Ask yourself these questions and any others you can dream up. Then go back to your beginning and see if you can make more progress.

Look over your false starts again. Do any belong together? If you combine them, do they move you deeper into your story? If yes, keep going.

You describe your beginnings and ideas as random, but I believe nothing in writing is random. I say in Writing Magic, and I think I’ve said on the blog that writing comes from a very deep place. Even the simplest, lightest stories do. Let’s take “Little Bo Peep” for example. Here we go:

Little Bo Peep has lost her sheep
and doesn’t know where to find them.
Leave them alone
and they’ll come home,
wagging their tails behind them.

I may not have broken the lines correctly. Sorry. But there’s profundity to spare here. We’ve all felt the desperation of losing something important, could be homework, money, even trust. And we’ve all (I think) had the experience of letting the lost thing go, and the relief of that. Sometimes the loss is never recovered, but sometimes we get whatever it was back, and it seems that the letting go made the return possible. All that out of a nursery rhyme!

Themes repeat, not just story lines. Look at your beginnings once more. Is there something that unites them? If you can’t find a thread, ask your friends or family to read them and suggest a theme. They may see more than one, which is great.

A frequent story thread I see in kids’ stories is a main character being kidnapped. So what might be going on underneath? You may think of more possibilities, but here are two of mine: the victim, Eloise, is wanted, needed, so desired for some quality (her mind, her lovableness, her beautiful voice, her paranormal power) that the kidnappers put themselves at risk to capture her; or Eloise is in danger of being taken over, of losing her will, even her self, to her captors. Or both. So where can the writer take these themes? How can he play them out? Who are her captors? What are their personalities, flaws, virtues?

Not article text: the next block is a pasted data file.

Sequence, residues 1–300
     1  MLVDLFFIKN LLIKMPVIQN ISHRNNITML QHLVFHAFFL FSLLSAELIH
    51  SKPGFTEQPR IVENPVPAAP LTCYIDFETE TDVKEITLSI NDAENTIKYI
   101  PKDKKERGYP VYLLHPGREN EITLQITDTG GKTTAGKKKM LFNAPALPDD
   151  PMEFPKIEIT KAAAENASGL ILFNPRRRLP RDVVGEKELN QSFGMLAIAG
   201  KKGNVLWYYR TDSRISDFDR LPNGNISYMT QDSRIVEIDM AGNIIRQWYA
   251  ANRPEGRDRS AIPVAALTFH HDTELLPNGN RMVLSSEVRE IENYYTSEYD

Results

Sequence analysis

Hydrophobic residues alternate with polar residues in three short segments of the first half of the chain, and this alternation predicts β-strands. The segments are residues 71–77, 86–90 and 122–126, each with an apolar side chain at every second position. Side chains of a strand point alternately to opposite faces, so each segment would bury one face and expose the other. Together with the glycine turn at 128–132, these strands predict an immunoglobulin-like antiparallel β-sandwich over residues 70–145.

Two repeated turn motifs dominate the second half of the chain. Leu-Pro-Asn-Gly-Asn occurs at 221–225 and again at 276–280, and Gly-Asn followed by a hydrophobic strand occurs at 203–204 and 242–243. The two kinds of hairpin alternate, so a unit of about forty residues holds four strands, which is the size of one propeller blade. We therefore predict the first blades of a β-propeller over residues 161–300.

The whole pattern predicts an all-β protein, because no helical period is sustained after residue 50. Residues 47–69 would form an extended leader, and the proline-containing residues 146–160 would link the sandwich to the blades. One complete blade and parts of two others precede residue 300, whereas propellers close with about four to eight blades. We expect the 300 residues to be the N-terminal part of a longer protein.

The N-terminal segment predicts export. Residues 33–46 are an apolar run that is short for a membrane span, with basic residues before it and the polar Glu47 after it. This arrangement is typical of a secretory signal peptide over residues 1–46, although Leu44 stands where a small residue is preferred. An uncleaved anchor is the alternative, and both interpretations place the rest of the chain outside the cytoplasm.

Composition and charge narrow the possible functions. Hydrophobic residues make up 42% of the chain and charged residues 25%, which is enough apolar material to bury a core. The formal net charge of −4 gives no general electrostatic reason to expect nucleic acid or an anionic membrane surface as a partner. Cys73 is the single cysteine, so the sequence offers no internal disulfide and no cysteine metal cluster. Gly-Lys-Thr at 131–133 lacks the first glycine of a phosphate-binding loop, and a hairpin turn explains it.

In both these examples, Bo Peep and the kidnapping, what chokes off the writing may be the underlying depth. It may be scary to explore, in the kidnapping case for instance, what it means for a main character, the one both reader and writer most identify with, to be so valuable. It reminds me of the sequence in the old movie It’s a Wonderful Life when the angel shows George Bailey what his town would have been like without him. I love that part, but it also embarrasses me – kind of like imagining your own funeral and how much everyone loved you.

Now I don’t mean that we’re aware in the slightest of feeling frightened when we write our failed beginnings. The idea simply peters out. But if we look at our themes, bring them out in the open, that lurking uneasiness may melt away. What we have turns into mere story and we see where we can go with it.

Contrariwise, ordinarily I resist examining my underlying motifs because I suspect that their subterranean natures give my stories power. But these cut-off beginnings are a special case and make the exploration worthwhile.

Here are some prompts:

•    If you too have trouble staying with your beginnings, review your false starts. Seek out your themes. Ask friends for help. When you have a few ideas, see where they take you. If a particular thread makes your heart race a little, keep going. If your heart persists in beating according to its ordinary rhythm, keep going anyway.

•    Expand Little Bo Peep’s situation, showing her story rather than telling it. How did she lose the sheep? Where does she search? What will the consequences be if the sheep stay lost? Who will be angry? How will Bo Peep suffer? If you like, turn the nursery rhyme into a novel or a series, The Bo Peep Chronicles.

•    Look up nursery rhymes, like “Little Bo Peep.” Pick one or two or more and speculate about their deeper meanings. Write down what you think.